Improving Speed and Vertical Jump: Nutritional Considerations

Running (Speed) and jumping (Power) are skills necessary for successful performance in sports, and must therefore be prioritized during training. We have previously covered how to increase your speed and vertical jump through training (click here). However, much like the way you look, nutrition will also impact your ability to run faster and jump higher.

An article published in the Journal of Strength & Conditioning Research studied the effects of a 4 week energy restricted diet on sprint & jump performance, body composition, and hormone profiles in elite male track athletes… the results were amazing.

A 25% caloric restriction (750 cal/day; carbs & fats reduced, protein held at 2g/kg/day) combined with regular training resulted in:

  1. Significant reduction in body mass and fat mass. Athletes lost about 1lb a week.
  2. Maintenance of lean muscle mass.
  3. Improved 20m sprint and countermovement jump.
  4. Unaltered testosterone levels.

How can this be explained?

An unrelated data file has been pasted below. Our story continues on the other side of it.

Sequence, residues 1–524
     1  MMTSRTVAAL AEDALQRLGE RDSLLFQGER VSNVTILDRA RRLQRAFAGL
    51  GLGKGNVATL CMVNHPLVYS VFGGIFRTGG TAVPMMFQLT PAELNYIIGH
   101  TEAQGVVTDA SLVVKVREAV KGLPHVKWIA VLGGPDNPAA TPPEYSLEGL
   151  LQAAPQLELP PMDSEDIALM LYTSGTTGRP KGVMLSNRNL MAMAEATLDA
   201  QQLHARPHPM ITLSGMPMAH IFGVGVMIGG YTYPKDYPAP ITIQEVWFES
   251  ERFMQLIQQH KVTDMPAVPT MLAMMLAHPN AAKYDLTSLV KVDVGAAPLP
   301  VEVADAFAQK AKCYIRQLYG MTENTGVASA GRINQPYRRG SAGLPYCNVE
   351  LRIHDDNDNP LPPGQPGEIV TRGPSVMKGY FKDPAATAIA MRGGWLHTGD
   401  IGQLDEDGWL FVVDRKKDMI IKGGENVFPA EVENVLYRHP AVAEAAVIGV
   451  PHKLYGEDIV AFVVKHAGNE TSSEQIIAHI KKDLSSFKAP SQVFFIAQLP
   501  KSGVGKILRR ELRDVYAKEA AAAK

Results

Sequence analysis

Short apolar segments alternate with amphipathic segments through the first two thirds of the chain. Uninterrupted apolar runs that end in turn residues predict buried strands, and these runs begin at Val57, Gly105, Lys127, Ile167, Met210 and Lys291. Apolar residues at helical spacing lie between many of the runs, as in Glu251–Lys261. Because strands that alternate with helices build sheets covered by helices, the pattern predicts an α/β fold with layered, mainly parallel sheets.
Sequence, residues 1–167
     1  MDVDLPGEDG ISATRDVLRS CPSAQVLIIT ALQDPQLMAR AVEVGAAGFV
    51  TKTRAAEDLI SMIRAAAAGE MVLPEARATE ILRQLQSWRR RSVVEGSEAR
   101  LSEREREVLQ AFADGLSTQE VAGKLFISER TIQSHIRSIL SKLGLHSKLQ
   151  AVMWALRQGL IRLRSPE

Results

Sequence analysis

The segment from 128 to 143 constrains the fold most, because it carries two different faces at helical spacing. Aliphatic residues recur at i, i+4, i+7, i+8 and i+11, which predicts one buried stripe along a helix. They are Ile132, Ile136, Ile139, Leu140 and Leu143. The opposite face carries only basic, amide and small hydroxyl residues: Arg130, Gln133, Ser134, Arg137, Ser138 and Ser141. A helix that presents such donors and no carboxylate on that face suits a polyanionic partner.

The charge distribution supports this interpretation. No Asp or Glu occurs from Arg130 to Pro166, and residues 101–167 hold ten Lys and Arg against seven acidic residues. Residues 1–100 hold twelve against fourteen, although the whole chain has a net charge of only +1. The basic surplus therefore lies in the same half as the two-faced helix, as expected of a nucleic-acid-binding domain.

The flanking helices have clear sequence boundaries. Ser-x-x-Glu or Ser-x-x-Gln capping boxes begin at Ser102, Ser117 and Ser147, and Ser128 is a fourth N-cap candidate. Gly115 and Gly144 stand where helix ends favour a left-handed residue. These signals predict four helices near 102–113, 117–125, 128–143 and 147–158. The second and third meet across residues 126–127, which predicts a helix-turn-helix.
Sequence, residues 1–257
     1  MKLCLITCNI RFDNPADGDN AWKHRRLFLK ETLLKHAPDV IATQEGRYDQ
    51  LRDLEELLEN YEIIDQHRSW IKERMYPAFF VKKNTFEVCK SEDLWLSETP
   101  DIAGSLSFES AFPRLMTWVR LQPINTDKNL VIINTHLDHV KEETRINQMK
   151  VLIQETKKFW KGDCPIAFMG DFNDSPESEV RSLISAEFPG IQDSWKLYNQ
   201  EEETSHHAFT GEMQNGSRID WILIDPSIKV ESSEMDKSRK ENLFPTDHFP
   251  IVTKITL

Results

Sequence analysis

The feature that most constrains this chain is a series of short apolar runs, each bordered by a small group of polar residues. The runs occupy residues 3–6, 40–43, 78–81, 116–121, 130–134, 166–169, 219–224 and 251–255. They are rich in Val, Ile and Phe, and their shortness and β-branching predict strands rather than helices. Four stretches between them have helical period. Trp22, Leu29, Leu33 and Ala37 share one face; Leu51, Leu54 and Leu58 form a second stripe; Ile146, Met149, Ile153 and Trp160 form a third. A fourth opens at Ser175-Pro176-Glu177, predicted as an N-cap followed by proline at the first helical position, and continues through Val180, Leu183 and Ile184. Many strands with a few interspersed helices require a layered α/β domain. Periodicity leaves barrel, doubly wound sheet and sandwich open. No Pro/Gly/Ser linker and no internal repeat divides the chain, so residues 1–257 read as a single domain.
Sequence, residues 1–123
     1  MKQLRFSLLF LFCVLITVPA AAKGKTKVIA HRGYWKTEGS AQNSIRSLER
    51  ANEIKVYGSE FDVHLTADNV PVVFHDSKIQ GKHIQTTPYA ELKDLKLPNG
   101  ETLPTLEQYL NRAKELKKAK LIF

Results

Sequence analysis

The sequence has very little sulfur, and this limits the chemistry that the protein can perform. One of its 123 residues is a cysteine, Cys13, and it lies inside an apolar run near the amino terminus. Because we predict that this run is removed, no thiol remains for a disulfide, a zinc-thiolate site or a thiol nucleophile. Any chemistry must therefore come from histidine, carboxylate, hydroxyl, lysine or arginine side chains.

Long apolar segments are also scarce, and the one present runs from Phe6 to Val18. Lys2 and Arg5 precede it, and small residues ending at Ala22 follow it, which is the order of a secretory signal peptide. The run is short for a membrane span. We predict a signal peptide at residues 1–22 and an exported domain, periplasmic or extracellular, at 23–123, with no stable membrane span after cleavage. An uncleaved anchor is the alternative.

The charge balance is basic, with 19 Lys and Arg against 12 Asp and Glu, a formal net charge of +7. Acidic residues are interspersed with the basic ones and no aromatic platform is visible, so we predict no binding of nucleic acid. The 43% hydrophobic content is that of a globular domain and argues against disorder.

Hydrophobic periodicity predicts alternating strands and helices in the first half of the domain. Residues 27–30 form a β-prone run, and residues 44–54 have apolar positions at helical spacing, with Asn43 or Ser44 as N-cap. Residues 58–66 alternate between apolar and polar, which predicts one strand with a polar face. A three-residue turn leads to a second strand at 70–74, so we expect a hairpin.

Increased power-to-weight ratio. Reducing body weight while preserving muscle allows you to still produce the same amount of force but now you have less weight to move around, resulting in faster, more explosive movements!

Taken together, this research further supports what we focus on at SST: getting athletes leaner and stronger to improve their speed and power.

Are you in need of some speed training, or getting ready for your season and feel like you need that extra help….SST will be holding a two week Training camp for speed/power and strength

Please contact me asap as I can only take 10 players for this exclusive camp

Chris Anderi

Head Strength Performance Coach SST Burlington

MSc candidate, Physiology & Nutrition


A Glass of Wine a Day… Enhances Fat Loss?!?!

We’ve all heard the saying that a glass of wine a day is good for our health. After all, low-moderate alcohol intake (~1 glass) has been found to reduce the risk of obesity, type II diabetes, and fatty liver disease. What about fat loss? Can a daily glass help you lose weight?